Thomas Keating, Invitation to Love: The Way of Christian Contemplation. New York: Continuum, 1995. 151 pages
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Chapter 1. The Emotional Programs for Happiness
To follow Christ and share the divine life to the maximum we must first confront our motivations and unconscious emotional programs and responses. These constitute our false self and developed when we were very small, before we had a sense of self.
A human child is very helpless when it comes into the world. At first we were happy if our instinctual needs were promptly met. The most crucial of our needs were survival and security. If as infants we experienced bonding with our mother we felt the bonding force of the universe, love. Later children need pleasure, affection, and esteem as they differentiate themselves from the rest of the world. They also begin to want their own way, that is, to have power and control.
Many factors may prevent these needs from being fulfilled. The causes may be dramatic - living through war, epidemics, or starvation, or with handicaps - or more ordinary, stemming from less than functional families, poverty, or cultures of violence. The emotional damage can be quite significant, but all of us, even those in the best of circumstances, "have experienced that fragility of early childhood and hence bring with us some wounds as a result."
We have no way of remembering the circumstances that created these wounds but we do retain the feelings associated with them. "The emotions faithfully identify the value system that developed in early childhood to cope with unbearable situations. These emotional programs for happiness start out as needs, grow into demands, and can finally become "shoulds.'" As we grow up in other ways, our emotional lives can remain infantile.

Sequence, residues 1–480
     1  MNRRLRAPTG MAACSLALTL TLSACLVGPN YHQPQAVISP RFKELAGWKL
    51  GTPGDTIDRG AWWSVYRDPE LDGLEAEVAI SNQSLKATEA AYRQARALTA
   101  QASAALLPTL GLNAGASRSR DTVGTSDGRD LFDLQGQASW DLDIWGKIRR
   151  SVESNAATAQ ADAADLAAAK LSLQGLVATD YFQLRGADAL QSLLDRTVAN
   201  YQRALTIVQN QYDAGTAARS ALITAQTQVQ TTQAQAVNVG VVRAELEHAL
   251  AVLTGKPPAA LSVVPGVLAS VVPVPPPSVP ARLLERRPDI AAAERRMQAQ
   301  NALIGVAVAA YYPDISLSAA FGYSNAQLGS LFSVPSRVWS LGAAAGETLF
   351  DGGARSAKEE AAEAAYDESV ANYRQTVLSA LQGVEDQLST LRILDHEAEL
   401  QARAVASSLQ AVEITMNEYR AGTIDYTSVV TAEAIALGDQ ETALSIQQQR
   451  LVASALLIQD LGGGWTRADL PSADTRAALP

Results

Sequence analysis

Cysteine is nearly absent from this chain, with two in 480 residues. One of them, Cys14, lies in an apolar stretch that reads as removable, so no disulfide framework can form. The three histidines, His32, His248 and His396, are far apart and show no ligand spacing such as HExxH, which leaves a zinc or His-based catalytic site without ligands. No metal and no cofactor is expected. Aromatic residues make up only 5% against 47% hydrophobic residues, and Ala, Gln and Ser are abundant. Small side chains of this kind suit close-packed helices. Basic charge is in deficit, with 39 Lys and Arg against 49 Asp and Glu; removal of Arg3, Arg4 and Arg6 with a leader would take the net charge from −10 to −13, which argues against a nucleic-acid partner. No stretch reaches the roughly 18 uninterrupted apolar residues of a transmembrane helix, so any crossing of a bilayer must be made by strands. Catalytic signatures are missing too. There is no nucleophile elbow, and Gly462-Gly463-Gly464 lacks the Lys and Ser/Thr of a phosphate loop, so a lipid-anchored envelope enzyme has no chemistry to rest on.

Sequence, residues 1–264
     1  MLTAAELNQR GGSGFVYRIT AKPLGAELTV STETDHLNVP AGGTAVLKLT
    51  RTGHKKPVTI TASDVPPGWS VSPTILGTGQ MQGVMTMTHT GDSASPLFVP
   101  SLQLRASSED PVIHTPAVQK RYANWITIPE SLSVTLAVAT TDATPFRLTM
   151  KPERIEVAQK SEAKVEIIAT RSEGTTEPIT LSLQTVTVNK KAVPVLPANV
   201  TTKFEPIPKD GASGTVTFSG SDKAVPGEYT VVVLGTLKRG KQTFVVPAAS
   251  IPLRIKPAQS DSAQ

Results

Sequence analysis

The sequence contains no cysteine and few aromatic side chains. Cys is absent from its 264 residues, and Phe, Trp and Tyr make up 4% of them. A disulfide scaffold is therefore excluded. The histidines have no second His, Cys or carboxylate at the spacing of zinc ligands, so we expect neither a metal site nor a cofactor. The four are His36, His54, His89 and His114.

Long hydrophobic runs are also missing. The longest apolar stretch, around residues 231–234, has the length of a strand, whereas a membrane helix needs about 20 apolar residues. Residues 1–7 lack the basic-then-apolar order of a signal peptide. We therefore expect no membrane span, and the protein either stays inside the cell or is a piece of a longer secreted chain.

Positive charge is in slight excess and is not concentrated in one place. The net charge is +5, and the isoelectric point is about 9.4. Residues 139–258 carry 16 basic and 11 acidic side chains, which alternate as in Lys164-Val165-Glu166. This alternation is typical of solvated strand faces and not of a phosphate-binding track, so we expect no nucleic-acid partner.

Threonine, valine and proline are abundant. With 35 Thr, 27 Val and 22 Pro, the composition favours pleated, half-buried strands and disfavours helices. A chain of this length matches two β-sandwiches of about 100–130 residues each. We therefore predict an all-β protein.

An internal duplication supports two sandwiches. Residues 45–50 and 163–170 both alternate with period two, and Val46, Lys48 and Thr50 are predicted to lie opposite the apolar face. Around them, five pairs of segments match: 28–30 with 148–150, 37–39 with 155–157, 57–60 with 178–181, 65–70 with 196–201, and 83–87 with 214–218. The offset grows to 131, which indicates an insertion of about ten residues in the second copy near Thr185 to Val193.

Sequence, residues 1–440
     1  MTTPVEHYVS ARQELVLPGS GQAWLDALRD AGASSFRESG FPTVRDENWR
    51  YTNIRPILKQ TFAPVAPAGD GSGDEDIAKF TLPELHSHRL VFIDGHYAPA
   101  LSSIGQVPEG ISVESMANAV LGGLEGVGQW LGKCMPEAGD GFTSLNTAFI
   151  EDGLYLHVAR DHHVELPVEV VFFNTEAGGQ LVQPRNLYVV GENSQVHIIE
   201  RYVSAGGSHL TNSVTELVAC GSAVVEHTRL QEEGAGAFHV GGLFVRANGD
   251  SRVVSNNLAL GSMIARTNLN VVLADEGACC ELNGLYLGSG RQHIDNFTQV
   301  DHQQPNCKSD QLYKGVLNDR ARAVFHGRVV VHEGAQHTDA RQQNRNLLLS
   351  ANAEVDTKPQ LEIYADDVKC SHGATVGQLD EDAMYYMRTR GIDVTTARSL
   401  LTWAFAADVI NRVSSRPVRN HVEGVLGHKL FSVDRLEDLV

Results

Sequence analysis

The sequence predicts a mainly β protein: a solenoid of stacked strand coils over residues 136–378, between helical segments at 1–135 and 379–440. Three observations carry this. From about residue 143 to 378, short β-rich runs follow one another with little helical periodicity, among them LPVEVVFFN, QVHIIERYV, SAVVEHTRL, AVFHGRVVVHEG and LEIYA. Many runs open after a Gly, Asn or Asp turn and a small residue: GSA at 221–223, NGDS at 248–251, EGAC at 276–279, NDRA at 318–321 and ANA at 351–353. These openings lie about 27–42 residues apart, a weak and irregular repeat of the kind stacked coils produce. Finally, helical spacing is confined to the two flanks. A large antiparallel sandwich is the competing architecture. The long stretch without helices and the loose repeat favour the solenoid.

During the socialization period of early childhood the situation becomes more complex as we identify and draw our self-worth from what others think of us. As we continue through childhood and teenage years, we have to repress our hunger for happiness. But "since the emotional programs from early childhood are already in place, our search for happiness in adult life tends to be programmed by childish expectations that cannot possibly be realized."
This is the human condition. The solution is to repent, to change how we look for happiness, to purify ourselves of the false self. This will not be easy, though it may seem so at the start of the spiritual journey. The false self will not give up its emotional programs for happiness easily. It manifests itself on every level of our conduct in our ordinary thoughts, reactions, and feelings. When we realize, as Paul did, that we are divided within ourselves, we are at the real beginning of our spiritual journey.
Jesus' confrontation with the devil in the desert symbolizes the struggle with the false self. It is useless to be attached to our emotional programs for happiness because in spite of our unconscious conviction they will never work in adult life. So, "the heart of the Christian ascesis is the struggle with our unconscious motivations." The satisfactions of the false self are always brief and passing. To grow into full human personhood we need to abandon "the self-centered projects, programs, demands - rationalized, justified, and even glorified - of security, pleasure, esteem, and power."